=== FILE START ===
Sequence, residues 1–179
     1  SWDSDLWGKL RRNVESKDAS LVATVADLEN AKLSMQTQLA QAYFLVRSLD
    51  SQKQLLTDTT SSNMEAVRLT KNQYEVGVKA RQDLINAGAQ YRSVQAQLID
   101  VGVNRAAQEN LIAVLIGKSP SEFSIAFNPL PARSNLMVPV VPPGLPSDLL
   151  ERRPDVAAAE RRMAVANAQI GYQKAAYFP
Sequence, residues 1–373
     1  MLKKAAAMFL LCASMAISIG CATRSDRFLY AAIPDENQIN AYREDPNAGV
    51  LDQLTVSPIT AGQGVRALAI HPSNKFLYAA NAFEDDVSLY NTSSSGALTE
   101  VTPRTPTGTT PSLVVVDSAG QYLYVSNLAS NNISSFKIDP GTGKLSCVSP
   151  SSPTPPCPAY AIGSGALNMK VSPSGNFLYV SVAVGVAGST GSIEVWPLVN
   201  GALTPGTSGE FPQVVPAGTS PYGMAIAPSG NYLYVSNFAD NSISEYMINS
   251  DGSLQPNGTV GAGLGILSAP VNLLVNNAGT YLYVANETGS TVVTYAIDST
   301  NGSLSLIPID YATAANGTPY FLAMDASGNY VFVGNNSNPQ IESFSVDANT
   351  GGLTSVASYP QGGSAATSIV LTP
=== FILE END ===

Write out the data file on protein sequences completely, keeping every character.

Sequence, residues 1–179
     1  SWDSDLWGKL RRNVESKDAS LVATVADLEN AKLSMQTQLA QAYFLVRSLD
    51  SQKQLLTDTT SSNMEAVRLT KNQYEVGVKA RQDLINAGAQ YRSVQAQLID
   101  VGVNRAAQEN LIAVLIGKSP SEFSIAFNPL PARSNLMVPV VPPGLPSDLL
   151  ERRPDVAAAE RRMAVANAQI GYQKAAYFP
Sequence, residues 1–373
     1  MLKKAAAMFL LCASMAISIG CATRSDRFLY AAIPDENQIN AYREDPNAGV
    51  LDQLTVSPIT AGQGVRALAI HPSNKFLYAA NAFEDDVSLY NTSSSGALTE
   101  VTPRTPTGTT PSLVVVDSAG QYLYVSNLAS NNISSFKIDP GTGKLSCVSP
   151  SSPTPPCPAY AIGSGALNMK VSPSGNFLYV SVAVGVAGST GSIEVWPLVN
   201  GALTPGTSGE FPQVVPAGTS PYGMAIAPSG NYLYVSNFAD NSISEYMINS
   251  DGSLQPNGTV GAGLGILSAP VNLLVNNAGT YLYVANETGS TVVTYAIDST
   301  NGSLSLIPID YATAANGTPY FLAMDASGNY VFVGNNSNPQ IESFSVDANT
   351  GGLTSVASYP QGGSAATSIV LTP